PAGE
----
When a Queer Feminist Professor is Accused of Harassment

Sometimes our friends simply don’t deserve our defense. Sometimes, they need to be held accountable. As Stephen Colbert recently said, “accountability is meaningless unless it’s for everybody. Whether it’s for the leader of a network or the leader of the free world.”  He was calling out the leader of his own network, Les Moonves, in response to decades of sexual harassment claims unearthed by Ronan Farrow in The New Yorker.  It wasn’t easy for him; it’s not easy for anyone to call out their friends. As Colbert eloquently put it, “everybody believes in accountability until it’s their guy, and make no mistake, Les Moonves is my guy.”

What if it isn’t your guy, but your woman? What then? Should accountability be gendered?

That seems like an obvious, and maybe naïve question: of course not. If women can’t be held accountable in the #metoo movement, than what is the movement for?  As the recent allegations against Asia Argento, one of the early Weinstein accusers and a key figure in the movement must show, accusers may be abusers. The abusers may be the abused. That doesn’t make either set of accusations less believable.  

Others might argue (as NYU professor Lisa Duggan recently did) that queer people, and queer women and people of color in particular, are uniquely vulnerable to the kind of extreme revenge accusations that make up a statistically small percentage of abuse allegations. Yes, if abuse is about power than those with less power may not be able to be abusers in the traditional sense. Duggan’s social justice feminism would have us challenge the overriding social structures that enable the vast power differentials that leave people vulnerable to all sorts of abuses and oppressions. 

But of course if we’re talking about power,  Avital Ronell—a self-identified queer woman (whose accuser is a gay man; yeah, it’s that kind of clusterfuck, and also they are both Israeli so whatever else goes down, this is definitively #notgoodfortheJews) – did have power over her accuser.

Quite a lot of it, in fact. He was her graduate student. According to reports, he turned down PhD. offers from a number of other highly prestigious institutions in order to be able to study with her. She’s an academic superstar. And perhaps, as a gay Israeli man, he felt some kind of immediate affinity with her. Perhaps he was dazzled by her. Who knows?  It doesn’t matter. What does matter – what is absolutely central to this messy and terrible case – is whether she violated the boundaries of a power-skewed advisor-advisee relationship.

She had a huge amount of power over him. And she used it. We can’t ever know the exact details of what went on behind closed doors (we can never know these details, as every person who seeks to discount a survivor testimony is oh-so-quick to point out) but we have the e-mails. We can read with our own eyes an advisor using highly sexualized language in her correspondence with her student. We can see increasing demands made on his time, energy, attention, and, at least on paper, his body. As Corey Robin notes in the Chronicle of Higher Education, “This is a grad student trying to make his way in an institution where everything depends on the good (or bad) word of his adviser…. [in the academy] power can be tediously, almost comically, simple. Cross your adviser in any way, and that can be the end of your career.”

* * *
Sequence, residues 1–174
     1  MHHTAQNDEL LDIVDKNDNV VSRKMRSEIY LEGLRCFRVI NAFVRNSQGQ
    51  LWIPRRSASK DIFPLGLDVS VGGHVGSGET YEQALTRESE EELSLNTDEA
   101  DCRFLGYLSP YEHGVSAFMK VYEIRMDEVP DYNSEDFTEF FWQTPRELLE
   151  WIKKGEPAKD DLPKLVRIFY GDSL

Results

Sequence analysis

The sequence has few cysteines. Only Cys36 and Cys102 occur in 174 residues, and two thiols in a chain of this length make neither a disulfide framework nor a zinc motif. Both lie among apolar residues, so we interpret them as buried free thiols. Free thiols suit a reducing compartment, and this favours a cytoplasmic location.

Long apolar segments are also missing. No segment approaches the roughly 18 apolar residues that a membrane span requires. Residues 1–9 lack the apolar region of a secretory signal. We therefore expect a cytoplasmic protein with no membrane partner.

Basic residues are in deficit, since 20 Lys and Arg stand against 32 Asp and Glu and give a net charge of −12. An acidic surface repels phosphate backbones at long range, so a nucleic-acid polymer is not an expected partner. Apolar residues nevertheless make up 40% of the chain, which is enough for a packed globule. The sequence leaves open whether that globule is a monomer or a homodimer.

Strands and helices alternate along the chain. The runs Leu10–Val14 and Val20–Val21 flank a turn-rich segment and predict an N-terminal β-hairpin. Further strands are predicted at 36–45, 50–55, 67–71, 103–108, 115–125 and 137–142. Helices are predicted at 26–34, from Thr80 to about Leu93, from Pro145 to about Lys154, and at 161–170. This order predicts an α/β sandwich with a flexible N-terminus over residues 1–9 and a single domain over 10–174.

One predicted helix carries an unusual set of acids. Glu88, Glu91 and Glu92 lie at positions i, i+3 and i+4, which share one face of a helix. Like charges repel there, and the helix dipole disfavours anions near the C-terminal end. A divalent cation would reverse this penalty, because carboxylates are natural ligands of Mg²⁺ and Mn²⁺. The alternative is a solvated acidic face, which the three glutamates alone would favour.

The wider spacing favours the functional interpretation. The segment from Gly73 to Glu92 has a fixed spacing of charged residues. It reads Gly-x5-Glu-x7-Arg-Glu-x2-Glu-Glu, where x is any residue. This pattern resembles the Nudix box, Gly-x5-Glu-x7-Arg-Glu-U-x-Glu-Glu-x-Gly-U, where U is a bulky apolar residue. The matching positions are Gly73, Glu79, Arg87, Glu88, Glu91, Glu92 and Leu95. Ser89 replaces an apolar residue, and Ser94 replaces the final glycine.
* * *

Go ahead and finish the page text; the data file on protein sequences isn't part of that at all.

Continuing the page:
So even if the emails were, in Ronell’s terms, campy expressions reflecting their shared queer identity and Israeli background, it doesn’t matter. What does matter – what is absolutely central – is that he was her student. She had control over his life and his future.

For these reasons, she did not deserve to be defended in the knee-jerk way she was. Certainly not in shudderingly familiar terms used by the powerful to defend the powerful. The letter written her defense by luminaries like Judith Butler (!) and Slavoj Žižek (!) (and don’t worry if you haven’t heard of them: academic fame isn’t even close to real fame) lays claim to the immense good she has done, to her wondrous intellect, to her unwavering support to her students, to her international reputation and deep and meaningful commitment to the academy.

And in case the playbook wasn’t clear enough, the letter also (subtly, but quite perniciously) attacks the accuser, blaming him for a malicious campaign and hinting that some of the signatories know him…and his character. It wasn’t a compliment.

To be fair, the initial letter of support acknowledged that the writers did not know all the details of the case. And with additional information, some, including Butler, have backtracked just a bit. But, from their own positions of power, they were quite quick to blame the supposed victim and defend their colleague. 

I don’t doubt a single one of the praises of Ronell expressed in the letter. She is indeed a brilliant luminary, even outside the tiny world of humanities scholarship. I’m sure she has been a marvelous colleague, mentor, and teacher. And none of this matters. What does matter – what is absolutely clear – is that in the power structure of the university environment, she violated her position. And he suffered for it. 

It is absolutely possible and necessary in the era of #metoo to hear the claims of #hetoo. No matter who the abuser is. Even if she is your woman. Even if she is your colleague. Even if she is your friend. Even if she is your superstar. 

Especially if she is.

Sharrona Pearl is a historian and theorist of the face and body at the University of Pennsylvania.  Her most recent book, Face/On: Face Transplants and the Ethics of the Other, was published by the University of Chicago Press in 2017.

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